I’m going to take a wild guess that nobody had “living in quarantine for an indefinite period while the world goes to complete shit” on their 2020 vision board, or its accompanying side effects of anxiety, helplessness, stress, anger, frustration, and fear.
There is not exactly a light at the end of the tunnel, but there is an end-ish in sight. As more and more states and local governments decide to start opening up its businesses and relax the restrictions of the last few months, we can perhaps begin to imagine what a post-quarantine life will look like. And while there are roughly a gazillion of open questions about how any of this is going to go down (or up, if you are feeling optimistic!), there are some intention-setting and visualization exercises that you can use to shape the one thing that is within your control: your reaction to the road that awaits.
On The Dirt, we will be sharing a series of these strategies over the next few days, along with the products and tools we think might be helpful to you. Here’s our first installment.
Part One -- (Positive) Compartmentalization: aka, the new way to spark joy
We’ve had some extended time to Marie Kondo that junk drawer and get the pantry in order during quarantine, but it turns out that a different type of organization, one based in the mind, can be a useful tool for preparing for a post-quarantine life.
It gets a bad rap, but compartmentalization refers to an often-useful coping strategy that allows you to bucket your conflicting thoughts or beliefs into tidy little packages so that you can psychologically get through some otherwise really tough situations. I’m a fan, and have been putting the technique to good use in quarantine.
Here’s how to do it. Write down all the things that you have missed about this time period. I did this with my family this week and among the items listed were: “miss going to restaurants with friends,” “miss going to school,” “miss group exercise,” “hate zoom meetings,” “hate being afraid to touch things,” and so on.
For each of the items on your list, put them in the following buckets (for the visual learners among you, you can literally write these things down on a piece a paper and put them in three piles):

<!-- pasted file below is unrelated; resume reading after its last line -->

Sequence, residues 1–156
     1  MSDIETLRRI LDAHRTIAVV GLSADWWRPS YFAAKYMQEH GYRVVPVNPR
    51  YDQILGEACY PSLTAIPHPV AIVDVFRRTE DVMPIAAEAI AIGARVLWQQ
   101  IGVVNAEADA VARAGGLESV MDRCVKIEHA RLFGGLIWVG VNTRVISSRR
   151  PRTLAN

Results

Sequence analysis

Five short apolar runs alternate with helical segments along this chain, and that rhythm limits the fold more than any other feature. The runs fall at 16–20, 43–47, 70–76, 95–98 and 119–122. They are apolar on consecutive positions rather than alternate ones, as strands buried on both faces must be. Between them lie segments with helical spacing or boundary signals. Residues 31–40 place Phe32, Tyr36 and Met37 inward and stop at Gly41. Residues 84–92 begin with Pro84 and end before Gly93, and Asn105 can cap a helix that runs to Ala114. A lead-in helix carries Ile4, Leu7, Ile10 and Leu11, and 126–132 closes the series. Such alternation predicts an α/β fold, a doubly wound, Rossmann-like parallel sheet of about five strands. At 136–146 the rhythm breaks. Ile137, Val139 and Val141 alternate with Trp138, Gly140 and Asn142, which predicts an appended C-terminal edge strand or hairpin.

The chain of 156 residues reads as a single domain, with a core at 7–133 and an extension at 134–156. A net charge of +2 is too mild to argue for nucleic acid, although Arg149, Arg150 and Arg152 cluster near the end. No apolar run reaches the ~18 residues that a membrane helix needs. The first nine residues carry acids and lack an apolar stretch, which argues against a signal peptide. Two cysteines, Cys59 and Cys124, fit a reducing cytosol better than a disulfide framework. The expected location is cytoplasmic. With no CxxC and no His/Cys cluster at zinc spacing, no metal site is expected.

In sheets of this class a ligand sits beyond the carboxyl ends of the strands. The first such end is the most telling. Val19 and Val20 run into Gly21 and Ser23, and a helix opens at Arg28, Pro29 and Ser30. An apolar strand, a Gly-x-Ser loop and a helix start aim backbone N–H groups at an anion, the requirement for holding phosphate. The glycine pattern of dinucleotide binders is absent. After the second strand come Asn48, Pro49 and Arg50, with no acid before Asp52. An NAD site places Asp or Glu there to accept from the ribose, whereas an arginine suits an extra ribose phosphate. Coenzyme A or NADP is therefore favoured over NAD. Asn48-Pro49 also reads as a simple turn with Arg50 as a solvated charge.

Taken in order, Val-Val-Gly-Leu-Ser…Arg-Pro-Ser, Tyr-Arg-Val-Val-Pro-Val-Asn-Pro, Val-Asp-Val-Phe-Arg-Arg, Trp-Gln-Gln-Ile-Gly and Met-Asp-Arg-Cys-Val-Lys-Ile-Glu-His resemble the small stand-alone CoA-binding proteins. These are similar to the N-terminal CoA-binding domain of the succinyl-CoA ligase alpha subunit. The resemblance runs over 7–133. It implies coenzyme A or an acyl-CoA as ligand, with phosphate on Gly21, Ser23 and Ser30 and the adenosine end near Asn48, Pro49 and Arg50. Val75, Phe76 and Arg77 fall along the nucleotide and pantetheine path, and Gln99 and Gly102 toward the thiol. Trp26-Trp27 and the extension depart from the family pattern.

- Paused -- these are the activities, feelings, and experiences that will likely return, but have only temporarily paused. Things like seeing your friends might be put in this category.
- Different -- these are the things that will return, but likely different than they have been, at least for the foreseeable future. Our family put “summer trips,” “eating at restaurants,” and “school” on this list.
- Gone -- this is the hardest category. Things like specific birthday parties, weddings, funerals, or graduations might end up here.
The value of this exercise is in the next step, which is realizing that for the vast majority of the things we long for are only Paused or Different. When we did this exercise at my house, we were relieved to see that maybe our world was not forever turned upside down as it can feel right now. And if things are just suspended or modified, that means you can start actively planning and imagining how and when each of the things in those two categories will happen.
Who will you first hang out with and what will you do together? What will you wear? What will you eat? What will it smell like? The more detailed you can be, the more vivid and more palpable returning to normal -- or a new normal -- will seem. It’s the beginning of assembling that road that we talked about earlier and allowing yourself to be part of its design. We spent last night planning our next vacation. It will involve driving, not a plane, and we’ll be looking at house rentals instead of browsing hotel guides. We will need to read the fine print on cancellation policies. But, this much I am certain about, there will also be new places to explore, new foods to eat, and new memories to make.
For that third category of Gone -- these are the things that you should feel entitled to mourn. Missing a close friend’s cancelled wedding is awful, as is losing your one chance to walk across the stage with your class at your college graduation. If it feels like a death, it’s completely okay to feel that. More than okay; it’s actually helpful to label your reaction as grief and treat it accordingly. (Here’s a great article written at the beginning of the pandemic on why it’s helpful to grieve.)
The Compartmentalization Tool Kit
While this exercise may be more than enough to get you in the right frame of mind to imagine life beyond these last stay-at-home months, we love using some additional tools to make it an more intentional ritual. Here are a few of our favorites from our product collection that can boost your powers of positive compartmentalization:
- 100% That Witch Starter Sets -- contains all you need to cleanse the energy of the space around you, a crystal point that is focused on a particular intention (courage seems pretty appropriate about now!), and a set of travel-friendly crystals that you can take with you as you start to venture out in this new world. We include our exclusive witch pin as an added dose of magic.
- That Girl is On Fire Manifestation Kits -- need some inspiration for your visualization session? Our manifestation kits contain a crystal point to serve as your beacon of the energy you want to put into the world, along with a handy set of prompts that can help you brainstorm about your best self.
- The Smudge Wellness Loss Spell -- for those mourning the loss of a specific experience, milestone, or loved one, our Loss Spells provide all the tools and guidance you need to grieve with care and intention. Available in two sizes.
Looking to help a friend or loved one through this time? All of our products come with a personal gift note setting your intentions for them. A thoughtful way to send love and healing energy to somebody special in your life.